Disability Milestone: Rep. Jennifer Wexton makes history with assistive communication device speech in Congress

Rep. Jennifer Wexton speaks behind a podium

This story was originally published by The 19th and was republished with permission.

Earlier this month, Rep. Jennifer Wexton made disability history by becoming the first member of Congress to deliver a speech using an assistive and augmentative communication device on the House floor.

Wexton has a rare degenerative condition called progressive supranuclear palsy, or PSP. However, some in the disability community feel that the news coverage has missed the point, focusing on novelty without acknowledging Wexton’s actions in the deeper historical and social context of a world that is not built for people like them.

The speech was in support of a bill Wexton introduced to rename a post office in Purcellville, Virginia, after former Secretary of State Madeleine Albright, the first woman to hold the job.

“The choice to use a text-to-speech device on the floor of the House of Representatives was a no-brainer for me. Despite my PSP condition which has impacted my ability to speak loudly and clearly, I want to keep doing my job and that means relying on this device to have my voice heard in Congress,” Wexton told The 19th.

The 19th spoke with disabled people who use augmentative and alternative communication similar to Wexton’s about how they felt in this historic moment and about the surrounding news coverage. They expressed joy, frustration and hope for a better future.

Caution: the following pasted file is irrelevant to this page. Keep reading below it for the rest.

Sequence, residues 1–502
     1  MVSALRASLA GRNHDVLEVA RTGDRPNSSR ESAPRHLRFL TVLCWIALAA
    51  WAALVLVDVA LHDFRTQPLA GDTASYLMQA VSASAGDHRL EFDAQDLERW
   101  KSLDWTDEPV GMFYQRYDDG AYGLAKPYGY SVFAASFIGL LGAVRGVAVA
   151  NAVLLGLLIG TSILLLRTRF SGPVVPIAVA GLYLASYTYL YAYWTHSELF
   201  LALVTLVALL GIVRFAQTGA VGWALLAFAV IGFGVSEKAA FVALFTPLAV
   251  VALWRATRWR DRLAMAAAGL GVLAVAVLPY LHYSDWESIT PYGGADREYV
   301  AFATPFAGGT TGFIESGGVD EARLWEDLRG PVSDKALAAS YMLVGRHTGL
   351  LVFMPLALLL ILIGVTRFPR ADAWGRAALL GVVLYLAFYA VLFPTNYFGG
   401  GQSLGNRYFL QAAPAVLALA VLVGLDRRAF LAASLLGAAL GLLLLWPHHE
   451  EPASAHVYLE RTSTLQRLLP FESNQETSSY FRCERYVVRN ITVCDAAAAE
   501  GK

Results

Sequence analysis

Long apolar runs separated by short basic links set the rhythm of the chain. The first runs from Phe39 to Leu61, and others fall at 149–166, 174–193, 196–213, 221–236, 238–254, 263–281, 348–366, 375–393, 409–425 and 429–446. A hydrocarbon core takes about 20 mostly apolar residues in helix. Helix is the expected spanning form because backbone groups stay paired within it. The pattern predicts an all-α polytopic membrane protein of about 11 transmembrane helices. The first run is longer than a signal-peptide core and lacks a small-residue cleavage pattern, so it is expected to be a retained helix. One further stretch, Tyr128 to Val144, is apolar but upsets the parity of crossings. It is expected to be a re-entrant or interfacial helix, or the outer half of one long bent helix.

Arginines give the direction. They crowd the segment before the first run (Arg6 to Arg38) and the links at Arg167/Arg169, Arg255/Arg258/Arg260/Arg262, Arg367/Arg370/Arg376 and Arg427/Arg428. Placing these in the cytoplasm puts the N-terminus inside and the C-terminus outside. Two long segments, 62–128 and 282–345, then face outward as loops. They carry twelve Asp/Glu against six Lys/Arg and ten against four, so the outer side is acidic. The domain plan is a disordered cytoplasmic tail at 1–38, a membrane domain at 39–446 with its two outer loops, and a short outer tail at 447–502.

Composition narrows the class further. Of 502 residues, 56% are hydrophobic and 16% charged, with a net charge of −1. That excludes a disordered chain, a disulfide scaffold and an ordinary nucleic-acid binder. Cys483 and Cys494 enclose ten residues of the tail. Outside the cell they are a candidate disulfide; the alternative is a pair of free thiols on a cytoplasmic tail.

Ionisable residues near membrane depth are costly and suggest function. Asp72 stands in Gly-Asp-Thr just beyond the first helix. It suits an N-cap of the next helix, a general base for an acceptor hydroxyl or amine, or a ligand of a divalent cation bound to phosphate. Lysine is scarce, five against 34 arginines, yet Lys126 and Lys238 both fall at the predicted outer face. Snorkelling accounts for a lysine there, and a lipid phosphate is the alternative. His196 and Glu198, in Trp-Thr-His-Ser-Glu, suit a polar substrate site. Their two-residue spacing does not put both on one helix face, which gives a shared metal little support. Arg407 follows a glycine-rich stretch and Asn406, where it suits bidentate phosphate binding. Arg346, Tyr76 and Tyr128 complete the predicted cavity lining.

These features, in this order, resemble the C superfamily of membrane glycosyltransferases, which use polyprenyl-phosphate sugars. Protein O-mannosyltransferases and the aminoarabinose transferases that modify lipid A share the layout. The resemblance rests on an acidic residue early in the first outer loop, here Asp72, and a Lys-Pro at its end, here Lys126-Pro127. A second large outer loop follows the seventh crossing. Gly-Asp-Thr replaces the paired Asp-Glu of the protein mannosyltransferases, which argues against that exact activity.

Assistive and augmentative communication, or AAC, covers a wide range of practices, from temporarily writing out requests while recovering from surgery to long-term use of the type of text-to-speech app Wexton relies on. According to the American Speech-Language-Hearing Association, an estimated 5 million Americans cannot rely on speech alone to communicate and would benefit from AAC.

India Ochs, 48, lives in Annapolis, Maryland. She has a speech disability and is a lifelong AAC user. In 2020, she ran for the Anne Arundel School Board. She didn’t win, but she still broke a barrier and is proud of her foray into local politics.

“I felt that was the right time, the best opportunity, to channel years of public testimony on school issues – and decades of experience in legal and legislative settings, leadership, education and human rights advocacy, and juvenile justice reform, back to the community I grew up in, to support not only my son, but ensuring the best education and safe environment for all the thousands of other students, teachers, and families,” Ochs said.

Ochs was pleased to hear Wexton using her AAC device on the House floor but has been frustrated with how news outlets have covered it.